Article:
Despite this poorly timed security breech, Rhode Island is actually recognized as a leader in cybersecurity and is one of only a few states to have a commission designated for the purpose of improving information security in the state government.
Epsilon Systems, Rhode Island’s leading cybersecurity firm, works with federal agencies that include the Department of Defense and Department of Homeland Security, as well as commercial clients. Epsilon provides defense services of all kinds, including a robust cybersecurity presence in Rhode Island. The master’s-prepared cybersecurity engineers that work for Epsilon Systems are all certified Red Hat Linux engineers, and have extensive networking experience with multiple operating systems, not limited to consumer products.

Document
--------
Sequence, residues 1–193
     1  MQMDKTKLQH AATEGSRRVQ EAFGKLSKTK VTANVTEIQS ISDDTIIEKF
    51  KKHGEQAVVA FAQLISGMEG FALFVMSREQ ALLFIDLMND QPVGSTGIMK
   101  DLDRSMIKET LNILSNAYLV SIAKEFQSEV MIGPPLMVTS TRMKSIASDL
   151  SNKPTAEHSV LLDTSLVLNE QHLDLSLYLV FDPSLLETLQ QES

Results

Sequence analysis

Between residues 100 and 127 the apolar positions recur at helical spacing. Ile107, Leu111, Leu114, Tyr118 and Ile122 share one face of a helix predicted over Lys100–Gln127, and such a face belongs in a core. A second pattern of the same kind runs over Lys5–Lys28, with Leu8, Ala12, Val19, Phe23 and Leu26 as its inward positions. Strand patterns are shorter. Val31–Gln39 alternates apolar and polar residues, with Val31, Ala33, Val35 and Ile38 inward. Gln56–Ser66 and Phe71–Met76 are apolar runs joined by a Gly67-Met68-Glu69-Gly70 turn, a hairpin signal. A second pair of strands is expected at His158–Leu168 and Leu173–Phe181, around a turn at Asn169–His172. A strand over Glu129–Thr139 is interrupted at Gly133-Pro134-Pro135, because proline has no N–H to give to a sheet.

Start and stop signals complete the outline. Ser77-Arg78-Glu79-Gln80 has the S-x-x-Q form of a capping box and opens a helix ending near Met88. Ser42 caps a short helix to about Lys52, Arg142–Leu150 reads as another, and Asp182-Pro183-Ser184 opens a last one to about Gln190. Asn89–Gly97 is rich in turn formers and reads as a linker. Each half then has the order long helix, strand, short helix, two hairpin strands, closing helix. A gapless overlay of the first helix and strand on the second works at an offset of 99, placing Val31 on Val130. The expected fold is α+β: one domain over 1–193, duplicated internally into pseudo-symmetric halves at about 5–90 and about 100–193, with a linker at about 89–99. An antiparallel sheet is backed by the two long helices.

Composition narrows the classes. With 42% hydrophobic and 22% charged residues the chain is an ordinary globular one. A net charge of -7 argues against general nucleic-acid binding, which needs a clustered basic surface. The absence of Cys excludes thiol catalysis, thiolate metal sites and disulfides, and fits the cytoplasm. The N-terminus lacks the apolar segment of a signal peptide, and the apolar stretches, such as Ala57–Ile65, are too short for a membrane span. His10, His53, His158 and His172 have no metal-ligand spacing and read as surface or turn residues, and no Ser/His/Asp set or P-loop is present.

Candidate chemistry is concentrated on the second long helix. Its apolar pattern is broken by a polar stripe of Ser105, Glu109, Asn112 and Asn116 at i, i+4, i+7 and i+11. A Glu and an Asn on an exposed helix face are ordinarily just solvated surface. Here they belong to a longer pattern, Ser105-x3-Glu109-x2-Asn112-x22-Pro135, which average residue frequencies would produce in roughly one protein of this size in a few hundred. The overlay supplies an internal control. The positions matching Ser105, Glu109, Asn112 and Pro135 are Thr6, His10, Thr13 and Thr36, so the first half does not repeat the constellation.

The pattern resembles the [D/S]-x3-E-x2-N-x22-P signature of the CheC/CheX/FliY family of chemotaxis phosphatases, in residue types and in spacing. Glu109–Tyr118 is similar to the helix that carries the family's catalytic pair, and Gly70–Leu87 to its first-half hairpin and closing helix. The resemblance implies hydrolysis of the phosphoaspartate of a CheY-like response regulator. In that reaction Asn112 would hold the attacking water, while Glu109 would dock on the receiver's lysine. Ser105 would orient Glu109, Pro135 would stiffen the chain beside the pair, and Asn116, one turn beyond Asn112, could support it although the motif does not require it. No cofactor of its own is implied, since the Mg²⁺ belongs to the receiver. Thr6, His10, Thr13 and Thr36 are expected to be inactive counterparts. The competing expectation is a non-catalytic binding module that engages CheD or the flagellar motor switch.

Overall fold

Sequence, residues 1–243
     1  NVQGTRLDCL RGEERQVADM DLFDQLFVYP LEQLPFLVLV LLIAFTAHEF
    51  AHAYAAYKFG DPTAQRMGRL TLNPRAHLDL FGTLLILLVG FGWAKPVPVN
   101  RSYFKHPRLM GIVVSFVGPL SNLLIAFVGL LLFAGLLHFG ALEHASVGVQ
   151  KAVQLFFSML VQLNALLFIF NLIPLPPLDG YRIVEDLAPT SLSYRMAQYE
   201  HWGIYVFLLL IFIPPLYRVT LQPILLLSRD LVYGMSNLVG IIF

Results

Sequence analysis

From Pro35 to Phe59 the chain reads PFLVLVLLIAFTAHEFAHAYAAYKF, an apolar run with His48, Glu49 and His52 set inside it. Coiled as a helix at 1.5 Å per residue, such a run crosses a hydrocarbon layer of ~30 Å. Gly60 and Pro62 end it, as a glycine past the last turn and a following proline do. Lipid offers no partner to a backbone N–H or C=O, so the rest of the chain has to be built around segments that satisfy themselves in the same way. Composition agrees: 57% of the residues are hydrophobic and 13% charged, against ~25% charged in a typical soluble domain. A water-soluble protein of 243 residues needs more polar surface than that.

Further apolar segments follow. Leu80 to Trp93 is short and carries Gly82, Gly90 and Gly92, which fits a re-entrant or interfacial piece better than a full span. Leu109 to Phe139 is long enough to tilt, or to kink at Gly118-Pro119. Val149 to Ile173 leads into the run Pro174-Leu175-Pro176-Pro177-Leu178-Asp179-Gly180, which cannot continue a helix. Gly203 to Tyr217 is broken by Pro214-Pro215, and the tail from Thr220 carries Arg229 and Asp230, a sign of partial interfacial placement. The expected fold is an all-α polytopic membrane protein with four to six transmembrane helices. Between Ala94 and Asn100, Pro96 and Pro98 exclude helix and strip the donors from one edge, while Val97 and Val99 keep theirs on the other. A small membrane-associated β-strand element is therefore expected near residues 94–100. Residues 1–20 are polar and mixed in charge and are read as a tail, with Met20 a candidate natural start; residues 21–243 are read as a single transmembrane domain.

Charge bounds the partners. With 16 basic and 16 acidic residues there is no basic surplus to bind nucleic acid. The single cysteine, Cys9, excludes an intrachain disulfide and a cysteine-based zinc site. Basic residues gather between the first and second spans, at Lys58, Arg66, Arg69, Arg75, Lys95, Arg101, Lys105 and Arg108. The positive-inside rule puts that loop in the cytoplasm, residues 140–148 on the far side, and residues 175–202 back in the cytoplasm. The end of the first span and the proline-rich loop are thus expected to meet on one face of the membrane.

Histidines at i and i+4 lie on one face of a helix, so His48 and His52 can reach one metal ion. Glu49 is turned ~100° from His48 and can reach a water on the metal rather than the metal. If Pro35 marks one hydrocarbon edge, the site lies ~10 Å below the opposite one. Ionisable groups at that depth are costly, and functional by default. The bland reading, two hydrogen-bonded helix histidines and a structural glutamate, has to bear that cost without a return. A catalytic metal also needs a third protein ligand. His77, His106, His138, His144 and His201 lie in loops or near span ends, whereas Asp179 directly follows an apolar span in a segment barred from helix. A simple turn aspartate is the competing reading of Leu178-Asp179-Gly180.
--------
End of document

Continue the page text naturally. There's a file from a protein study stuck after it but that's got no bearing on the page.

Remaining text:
Earning a Master’s Degree or Post-Bachelor’s Certificate in Cybersecurity in Rhode Island
Master’s programs in cybersecurity are designed to prepare professionals with an understanding of internet infrastructures, math logic, common routes to cyberattacks, and constant threat analysis who are capable of designing and defending secure systems.
As of 2018, the options for campus-based master’s programs in cybersecurity in Rhode Island are limited to one in-state school, the University of Rhode Island, which offers:
- Professional Master of Science in Cyber Security
- Graduate Certificate in Cyber Security
- Master of Science in Computer Science with an additional Graduate Certificate in Cyber Security